I attended a seminar a few weeks ago in which the presenter, sales trainer Joe Ellers of Palmetto Associates pointed out that “selling is a profession on par with a design engineer or a doctor. Present yourself as a professional.”
On the surface that is true. Selling is a great profession and a tremendous career opportunity. A good salesperson is part psychologist with the ability to “read” a customer. He/she is a problem solver, an application provider who has the uncanny ability to know when to listen and when to talk (In fact actually listening to the customer is probably one of a salesperson’s top attributes.)
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So you would think that sales would be a respected profession. But, in the minds of many people, that isn’t the case.
The old perception of a salesperson still exists. Tell someone you’re in sales and often the reaction is a forced smile. Some people still believe that anyone in sales is like Herb on the old television show “WKRP in Cincinnati.” You know, the kind of guy who wears loud jackets, tells jokes and brings doughnuts on sales calls. In the “old days” these salespeople were considered simple “order takers” rather than problem solvers.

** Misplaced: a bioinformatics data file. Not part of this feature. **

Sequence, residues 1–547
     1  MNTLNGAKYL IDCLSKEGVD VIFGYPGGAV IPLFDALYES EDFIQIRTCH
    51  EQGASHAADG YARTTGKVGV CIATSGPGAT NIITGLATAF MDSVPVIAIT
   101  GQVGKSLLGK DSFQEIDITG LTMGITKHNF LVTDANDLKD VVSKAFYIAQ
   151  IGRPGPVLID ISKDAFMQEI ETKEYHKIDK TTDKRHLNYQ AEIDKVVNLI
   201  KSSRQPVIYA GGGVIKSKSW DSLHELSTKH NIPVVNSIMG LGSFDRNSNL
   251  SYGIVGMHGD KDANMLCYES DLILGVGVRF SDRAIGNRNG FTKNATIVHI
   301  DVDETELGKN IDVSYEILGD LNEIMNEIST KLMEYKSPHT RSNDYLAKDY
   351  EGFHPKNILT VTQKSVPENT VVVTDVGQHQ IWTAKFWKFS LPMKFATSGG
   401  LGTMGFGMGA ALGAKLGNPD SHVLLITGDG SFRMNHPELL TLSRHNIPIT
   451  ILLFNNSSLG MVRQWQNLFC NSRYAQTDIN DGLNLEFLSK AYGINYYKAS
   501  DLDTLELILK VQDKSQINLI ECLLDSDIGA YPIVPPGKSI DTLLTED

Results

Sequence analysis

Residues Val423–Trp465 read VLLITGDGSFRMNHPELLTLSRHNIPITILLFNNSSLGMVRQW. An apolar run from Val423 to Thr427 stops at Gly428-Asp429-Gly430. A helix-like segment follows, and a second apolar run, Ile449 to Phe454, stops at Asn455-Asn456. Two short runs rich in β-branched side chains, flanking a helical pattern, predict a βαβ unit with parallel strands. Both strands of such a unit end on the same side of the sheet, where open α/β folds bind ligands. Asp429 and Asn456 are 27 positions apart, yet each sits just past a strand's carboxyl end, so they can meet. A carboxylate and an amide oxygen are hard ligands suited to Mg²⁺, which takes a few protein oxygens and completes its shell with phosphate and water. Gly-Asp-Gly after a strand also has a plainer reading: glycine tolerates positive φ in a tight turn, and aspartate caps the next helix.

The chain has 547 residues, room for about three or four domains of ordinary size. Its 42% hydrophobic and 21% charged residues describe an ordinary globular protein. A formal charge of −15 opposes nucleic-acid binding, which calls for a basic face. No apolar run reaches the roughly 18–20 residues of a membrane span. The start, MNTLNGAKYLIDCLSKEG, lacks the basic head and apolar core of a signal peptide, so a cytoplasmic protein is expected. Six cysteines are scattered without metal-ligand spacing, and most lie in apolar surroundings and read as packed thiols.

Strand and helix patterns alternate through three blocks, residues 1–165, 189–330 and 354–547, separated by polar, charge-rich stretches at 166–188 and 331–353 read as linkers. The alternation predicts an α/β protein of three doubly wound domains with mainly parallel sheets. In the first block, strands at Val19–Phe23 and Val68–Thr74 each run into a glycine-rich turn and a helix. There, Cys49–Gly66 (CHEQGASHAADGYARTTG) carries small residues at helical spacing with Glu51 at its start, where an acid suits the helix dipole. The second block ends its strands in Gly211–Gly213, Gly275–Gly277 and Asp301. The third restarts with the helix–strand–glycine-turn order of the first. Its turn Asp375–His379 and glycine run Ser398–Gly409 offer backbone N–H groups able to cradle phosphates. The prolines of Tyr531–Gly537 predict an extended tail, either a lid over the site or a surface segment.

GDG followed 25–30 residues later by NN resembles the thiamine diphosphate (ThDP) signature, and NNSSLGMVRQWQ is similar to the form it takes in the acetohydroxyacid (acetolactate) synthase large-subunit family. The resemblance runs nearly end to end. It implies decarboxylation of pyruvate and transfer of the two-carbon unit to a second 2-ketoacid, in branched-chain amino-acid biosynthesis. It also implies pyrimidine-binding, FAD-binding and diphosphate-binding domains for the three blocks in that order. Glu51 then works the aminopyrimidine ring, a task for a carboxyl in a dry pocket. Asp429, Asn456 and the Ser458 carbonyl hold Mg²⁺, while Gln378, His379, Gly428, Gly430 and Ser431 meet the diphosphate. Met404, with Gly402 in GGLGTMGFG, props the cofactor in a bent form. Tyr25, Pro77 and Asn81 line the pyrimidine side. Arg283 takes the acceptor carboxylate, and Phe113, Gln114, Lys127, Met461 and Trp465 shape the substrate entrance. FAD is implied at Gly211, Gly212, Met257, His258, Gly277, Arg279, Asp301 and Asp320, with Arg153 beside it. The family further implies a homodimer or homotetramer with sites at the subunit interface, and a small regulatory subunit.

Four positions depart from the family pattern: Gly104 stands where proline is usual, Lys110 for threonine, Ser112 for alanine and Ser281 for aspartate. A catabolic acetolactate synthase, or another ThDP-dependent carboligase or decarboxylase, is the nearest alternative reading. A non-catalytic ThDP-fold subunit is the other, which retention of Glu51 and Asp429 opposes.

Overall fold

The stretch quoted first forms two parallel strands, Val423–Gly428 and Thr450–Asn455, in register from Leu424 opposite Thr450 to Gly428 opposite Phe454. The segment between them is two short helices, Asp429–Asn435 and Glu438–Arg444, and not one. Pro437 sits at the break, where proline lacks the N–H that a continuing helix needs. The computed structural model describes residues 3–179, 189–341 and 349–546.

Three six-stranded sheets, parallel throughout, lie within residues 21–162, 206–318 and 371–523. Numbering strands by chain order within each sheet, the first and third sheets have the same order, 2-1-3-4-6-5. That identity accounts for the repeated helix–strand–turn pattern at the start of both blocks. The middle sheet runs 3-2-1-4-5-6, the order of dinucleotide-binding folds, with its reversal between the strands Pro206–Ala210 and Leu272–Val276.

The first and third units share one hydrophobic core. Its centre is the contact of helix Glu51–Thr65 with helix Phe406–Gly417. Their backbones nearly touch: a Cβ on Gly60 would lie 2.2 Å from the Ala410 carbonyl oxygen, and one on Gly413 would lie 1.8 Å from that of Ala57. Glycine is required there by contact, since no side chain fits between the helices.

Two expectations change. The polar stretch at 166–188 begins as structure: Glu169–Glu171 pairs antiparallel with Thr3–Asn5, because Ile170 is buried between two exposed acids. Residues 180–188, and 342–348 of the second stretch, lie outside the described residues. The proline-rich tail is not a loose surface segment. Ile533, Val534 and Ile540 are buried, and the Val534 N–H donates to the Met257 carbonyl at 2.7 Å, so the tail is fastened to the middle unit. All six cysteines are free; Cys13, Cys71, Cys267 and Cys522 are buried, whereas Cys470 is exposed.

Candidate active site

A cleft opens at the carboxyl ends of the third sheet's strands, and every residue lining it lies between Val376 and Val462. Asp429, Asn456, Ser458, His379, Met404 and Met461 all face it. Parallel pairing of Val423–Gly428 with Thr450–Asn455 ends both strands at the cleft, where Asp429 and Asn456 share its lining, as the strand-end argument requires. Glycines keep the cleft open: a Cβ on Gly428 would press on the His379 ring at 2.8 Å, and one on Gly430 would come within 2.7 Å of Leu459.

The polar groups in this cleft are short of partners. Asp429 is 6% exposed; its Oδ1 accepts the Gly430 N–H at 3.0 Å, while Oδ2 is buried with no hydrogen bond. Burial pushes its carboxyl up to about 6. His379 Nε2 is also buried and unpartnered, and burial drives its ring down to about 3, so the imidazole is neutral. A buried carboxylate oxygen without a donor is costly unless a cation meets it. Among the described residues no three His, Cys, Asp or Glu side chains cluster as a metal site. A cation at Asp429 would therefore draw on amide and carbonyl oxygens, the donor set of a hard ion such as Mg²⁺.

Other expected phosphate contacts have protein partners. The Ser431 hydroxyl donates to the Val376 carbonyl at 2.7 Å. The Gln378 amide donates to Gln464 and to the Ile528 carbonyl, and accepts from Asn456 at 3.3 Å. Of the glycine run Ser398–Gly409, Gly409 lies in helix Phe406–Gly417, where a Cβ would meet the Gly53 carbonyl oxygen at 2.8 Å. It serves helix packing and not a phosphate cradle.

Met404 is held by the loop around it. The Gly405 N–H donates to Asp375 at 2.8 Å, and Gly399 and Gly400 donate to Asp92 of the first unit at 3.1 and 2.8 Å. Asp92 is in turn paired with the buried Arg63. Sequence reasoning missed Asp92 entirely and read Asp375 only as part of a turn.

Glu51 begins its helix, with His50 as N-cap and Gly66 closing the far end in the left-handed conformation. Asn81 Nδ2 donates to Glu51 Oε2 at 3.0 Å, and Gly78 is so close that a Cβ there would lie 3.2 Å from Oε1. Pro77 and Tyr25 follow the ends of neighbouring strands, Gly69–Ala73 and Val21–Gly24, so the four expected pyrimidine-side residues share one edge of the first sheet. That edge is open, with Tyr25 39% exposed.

That type of salesperson doesn’t exist anymore. Today distributor salespeople are technically knowledgeable and work with the buyers’ teams to solve problems, recommend applications and new products that make it easier for the customer to increase productivity.
It’s a shame that salespeople don’t have more respect. Over the years, I’ve had the chance to travel and interview many distributor salespeople and have come away impressed with their knowledge and enthusiasm for selling.
Sure, there are some salespeople that demean the profession, but that happens in every business.
A top salesperson isn’t happy with the status quo but seeks to improve his or her selling skills by reading self-help books, attending sales seminars and looking for other ways to improve their selling techniques. It benefits them of course, but in the end it also brings up the status of the profession.
Jack Keough is a contributing editor to Modern Distribution Management and the owner of Keough Business Communications. He can be reached at firstname.lastname@example.org or by phone at 508-734-0029. Keough is the former editor of Industrial Distribution Magazine.